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But then came “Hee Haw”–which I watched religiously from the early ‘70s on until it ended in 1992—followed by a block of country syndicated programming also including the short-lived “Hee Haw Honeys” sitcom spin-off (co-starring Kathie Lee Johnson, now better known as Kathie Lee Gifford, as a member of the fictitious Honey family), “That Good Ole Nashville Music,” “Pop Goes the Country” and “The Porter Wagoner Show.” “They were the ‘young hunk’ answer to the ‘Hee Haw’ honeys’,” Sam Lovullo, the show’s longtime producer, told me last week when I called him to commiserate on Jon Hager’s death at age 67 on Jan. A wonderful, caring man, Sam had warmly welcomed me on the “Hee Haw” set for years during my regular Nashville visits; in return, I brought in John Hiatt as a guest, fulfilling one of John’s biggest dreams—to pop out of the “Hee Haw” haystacks and utter a juvenile joke).“We brought them on for their music ability but they got involved with comedy,” Sam continued.Outgoing and accessible, [they] were part of what makes Nashville known as America’s friendliest city.
“No matter where they went, they liked to do ‘Pfft You Were Gone’,’” said Lovullo, referring to the regular “Hee Haw” musical interlude where a cast member and guest star would pop out of the cornfield and sing Buck Owen’s lovelorn tune ending with “You met another and phht! Singers as well as comedians, Buck had discovered them at a gig at Disneyland.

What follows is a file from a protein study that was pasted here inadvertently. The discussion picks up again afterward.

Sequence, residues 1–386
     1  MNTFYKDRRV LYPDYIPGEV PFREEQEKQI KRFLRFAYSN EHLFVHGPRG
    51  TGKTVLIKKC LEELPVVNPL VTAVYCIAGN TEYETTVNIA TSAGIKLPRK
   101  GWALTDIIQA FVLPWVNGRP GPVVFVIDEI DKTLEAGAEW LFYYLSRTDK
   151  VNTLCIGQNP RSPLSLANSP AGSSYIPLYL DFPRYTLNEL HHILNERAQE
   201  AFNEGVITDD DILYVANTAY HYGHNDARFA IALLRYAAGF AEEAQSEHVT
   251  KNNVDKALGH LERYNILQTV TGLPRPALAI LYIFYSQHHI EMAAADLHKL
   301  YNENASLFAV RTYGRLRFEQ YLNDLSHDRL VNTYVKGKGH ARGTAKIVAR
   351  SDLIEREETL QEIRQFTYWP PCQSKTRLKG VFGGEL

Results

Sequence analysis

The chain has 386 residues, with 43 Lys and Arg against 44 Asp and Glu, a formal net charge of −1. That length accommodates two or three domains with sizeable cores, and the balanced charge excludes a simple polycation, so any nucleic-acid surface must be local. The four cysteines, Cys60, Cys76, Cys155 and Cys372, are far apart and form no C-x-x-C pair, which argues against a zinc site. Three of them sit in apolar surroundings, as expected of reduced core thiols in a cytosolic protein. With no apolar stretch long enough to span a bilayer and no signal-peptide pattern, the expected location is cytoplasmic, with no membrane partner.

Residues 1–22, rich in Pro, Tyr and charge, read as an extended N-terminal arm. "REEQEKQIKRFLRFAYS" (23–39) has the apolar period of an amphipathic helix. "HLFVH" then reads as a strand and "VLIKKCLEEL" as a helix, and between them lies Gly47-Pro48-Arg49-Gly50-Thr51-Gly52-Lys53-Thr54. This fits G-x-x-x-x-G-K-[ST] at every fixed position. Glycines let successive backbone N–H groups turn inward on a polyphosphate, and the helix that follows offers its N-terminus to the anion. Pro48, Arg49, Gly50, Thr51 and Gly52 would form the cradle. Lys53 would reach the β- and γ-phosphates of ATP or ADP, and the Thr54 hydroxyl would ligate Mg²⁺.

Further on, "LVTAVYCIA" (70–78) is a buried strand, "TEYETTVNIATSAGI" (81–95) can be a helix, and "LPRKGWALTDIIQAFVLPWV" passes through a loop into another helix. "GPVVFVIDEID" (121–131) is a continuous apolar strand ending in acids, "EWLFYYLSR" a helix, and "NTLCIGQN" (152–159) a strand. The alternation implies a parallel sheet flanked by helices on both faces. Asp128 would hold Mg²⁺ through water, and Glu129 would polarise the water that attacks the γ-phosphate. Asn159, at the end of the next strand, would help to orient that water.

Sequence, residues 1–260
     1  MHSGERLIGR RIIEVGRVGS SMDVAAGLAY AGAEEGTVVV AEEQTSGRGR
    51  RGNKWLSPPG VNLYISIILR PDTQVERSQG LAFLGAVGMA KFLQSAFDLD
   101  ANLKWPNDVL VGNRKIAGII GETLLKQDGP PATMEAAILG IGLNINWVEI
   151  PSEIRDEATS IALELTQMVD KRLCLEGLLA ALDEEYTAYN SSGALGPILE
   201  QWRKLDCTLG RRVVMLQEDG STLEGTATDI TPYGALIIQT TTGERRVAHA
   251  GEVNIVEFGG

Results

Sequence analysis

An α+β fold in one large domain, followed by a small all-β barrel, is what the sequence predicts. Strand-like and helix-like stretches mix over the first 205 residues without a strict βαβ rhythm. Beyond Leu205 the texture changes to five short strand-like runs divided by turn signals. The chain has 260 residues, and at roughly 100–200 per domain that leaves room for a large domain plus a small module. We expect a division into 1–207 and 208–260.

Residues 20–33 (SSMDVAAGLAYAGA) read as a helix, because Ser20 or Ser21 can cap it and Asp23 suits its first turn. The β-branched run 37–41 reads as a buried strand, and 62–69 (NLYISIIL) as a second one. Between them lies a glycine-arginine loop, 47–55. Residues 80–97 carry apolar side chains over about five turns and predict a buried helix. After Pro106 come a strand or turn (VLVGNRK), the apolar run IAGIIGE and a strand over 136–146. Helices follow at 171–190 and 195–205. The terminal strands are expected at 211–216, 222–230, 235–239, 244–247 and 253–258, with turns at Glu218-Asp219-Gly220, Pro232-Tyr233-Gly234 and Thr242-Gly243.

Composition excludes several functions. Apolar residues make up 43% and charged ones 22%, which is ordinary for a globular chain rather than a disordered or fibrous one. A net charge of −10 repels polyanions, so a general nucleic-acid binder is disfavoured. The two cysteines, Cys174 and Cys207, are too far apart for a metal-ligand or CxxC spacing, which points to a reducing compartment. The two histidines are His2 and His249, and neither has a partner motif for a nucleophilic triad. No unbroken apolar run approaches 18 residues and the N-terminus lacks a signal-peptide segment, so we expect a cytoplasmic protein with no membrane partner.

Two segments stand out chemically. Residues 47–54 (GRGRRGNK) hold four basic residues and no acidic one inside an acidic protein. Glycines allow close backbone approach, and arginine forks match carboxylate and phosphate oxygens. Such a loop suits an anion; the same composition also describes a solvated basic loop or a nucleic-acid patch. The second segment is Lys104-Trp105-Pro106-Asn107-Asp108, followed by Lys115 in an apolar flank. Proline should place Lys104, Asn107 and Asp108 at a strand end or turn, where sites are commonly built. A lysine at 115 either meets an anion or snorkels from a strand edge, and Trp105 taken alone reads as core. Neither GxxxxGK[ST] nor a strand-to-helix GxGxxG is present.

you were gone”—the guest gobbing all over the cast member in blowing out the “phht! They opened for him and other top country acts including Tex Ritter, Wynn Stewart and Lefty Frizzell.
I used to see them every year at Fan Fair, when the huge country music fan-appreciation event now staged downtown was held at Nashville’s dusty Fairgrounds.
“The irony is that humans can’t go there [it’s closed to the general public].
We did a fundraiser in October, and he asked me to co-MC because he was never onstage alone.